5 Foodie Minutes with … Anna Koska

Every now and then we are going to hang out with some of the cool foodie folk we get to work with to find out a little bit more about what makes them tick, both on the ‘shop floor’ and in life more generally.

We call the series “5 Food Minutes with …

This week, we are very excited to be introducing you to Anna Koska, a talented food illustrator with the most beautiful social media presence … there is a small army of encouraging voices cajoling and nudging Anna to turn her evocative and gorgeous  words and pictures into a desirable tome, instantly top of any bestseller list. For now, she gently demures.

So, until then, here is our slightly cheeky way of luring some deli-cious words from the mind and pen of a talented (yet disarmingly modest) lady whose life is immersed in food in one form or another.


Hi, who are you and what foodie mischief do you get up to in your day job?

My name is Anna Koska, though most probably know me better as grem koska and I’m a freelance food illustrator.

My choice of career has seen me up to my knees in the swell of sea water, trying to find the best mussel specimen, stroking squids with my fishmonger, and climbing up ladders to pick the ‘perfect’ pear.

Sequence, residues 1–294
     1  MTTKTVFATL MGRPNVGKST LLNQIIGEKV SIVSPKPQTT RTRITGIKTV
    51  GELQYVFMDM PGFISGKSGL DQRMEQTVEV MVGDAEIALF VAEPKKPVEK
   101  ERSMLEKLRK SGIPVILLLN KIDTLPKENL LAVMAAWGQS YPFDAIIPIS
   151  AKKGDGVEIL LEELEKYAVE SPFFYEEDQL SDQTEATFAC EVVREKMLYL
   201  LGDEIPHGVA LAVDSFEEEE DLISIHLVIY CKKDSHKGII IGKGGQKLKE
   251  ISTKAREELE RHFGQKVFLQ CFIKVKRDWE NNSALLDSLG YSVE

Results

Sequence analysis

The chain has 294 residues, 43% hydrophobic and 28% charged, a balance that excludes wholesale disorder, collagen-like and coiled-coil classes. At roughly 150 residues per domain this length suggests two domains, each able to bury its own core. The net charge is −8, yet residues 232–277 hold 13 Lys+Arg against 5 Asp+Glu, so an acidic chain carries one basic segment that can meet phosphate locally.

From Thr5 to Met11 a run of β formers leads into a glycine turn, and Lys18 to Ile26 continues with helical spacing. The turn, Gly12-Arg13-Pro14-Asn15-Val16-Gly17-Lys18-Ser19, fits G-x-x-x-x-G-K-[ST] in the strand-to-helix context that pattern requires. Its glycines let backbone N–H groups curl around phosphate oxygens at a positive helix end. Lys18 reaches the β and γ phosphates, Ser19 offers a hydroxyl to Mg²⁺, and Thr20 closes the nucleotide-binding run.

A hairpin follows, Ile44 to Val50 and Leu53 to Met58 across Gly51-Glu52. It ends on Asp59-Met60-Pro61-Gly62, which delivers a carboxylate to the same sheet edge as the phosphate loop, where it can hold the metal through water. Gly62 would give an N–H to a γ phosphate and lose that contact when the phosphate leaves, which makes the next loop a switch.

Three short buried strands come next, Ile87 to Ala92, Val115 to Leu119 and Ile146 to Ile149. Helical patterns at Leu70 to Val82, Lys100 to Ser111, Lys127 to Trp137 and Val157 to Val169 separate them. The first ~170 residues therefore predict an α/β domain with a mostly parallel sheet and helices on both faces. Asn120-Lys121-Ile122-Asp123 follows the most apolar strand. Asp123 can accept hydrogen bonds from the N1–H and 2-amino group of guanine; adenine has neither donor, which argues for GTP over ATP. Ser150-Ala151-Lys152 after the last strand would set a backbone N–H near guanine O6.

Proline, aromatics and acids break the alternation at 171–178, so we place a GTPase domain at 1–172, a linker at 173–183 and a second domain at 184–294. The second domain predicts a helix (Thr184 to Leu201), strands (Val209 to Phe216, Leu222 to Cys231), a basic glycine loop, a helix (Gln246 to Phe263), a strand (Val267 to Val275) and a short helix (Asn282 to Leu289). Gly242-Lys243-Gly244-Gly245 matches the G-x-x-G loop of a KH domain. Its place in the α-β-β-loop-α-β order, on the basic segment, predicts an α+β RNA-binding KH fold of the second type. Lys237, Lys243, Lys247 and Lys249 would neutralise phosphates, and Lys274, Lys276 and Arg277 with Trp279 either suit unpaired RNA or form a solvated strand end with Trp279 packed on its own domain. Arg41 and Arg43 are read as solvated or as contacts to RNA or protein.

What inspires you?

Visually there is much that literally leaves me astounded, and very humbled. I chose to illustrate food, but really it’s not about the meal so much as where it begins. So I should probably call myself an ingredients illustrator! Trying to capture the fragile and sensuous layers of an oyster laid prone in its shell, the bosom of a downy pear, the knife sharp focus in the eye of a mackerel … all these things inspire, delight and challenge me to do better.

I don’t want to portray something as a diagrammatically, technically perfect representation. But I do really really want to try and capture some of the living quality that it possesses, make people want to pick it up, marvel at it, and be inspired to cook with it.

Where in the world do you get to hang out doing your foodie thing? Can you tell us a little of what is so special to you about ‘place’?

The most exotic place my work has taken me to would be Iquitos, in Peru, where I boarded a boat to travel down the Amazon. I worked alongside a team of nature conservationists, the WWF, Peruvian and Brazilian chefs, journalists and film makers. It was a surreal experience. I’m very lucky to be returning in March next year.

Place means everything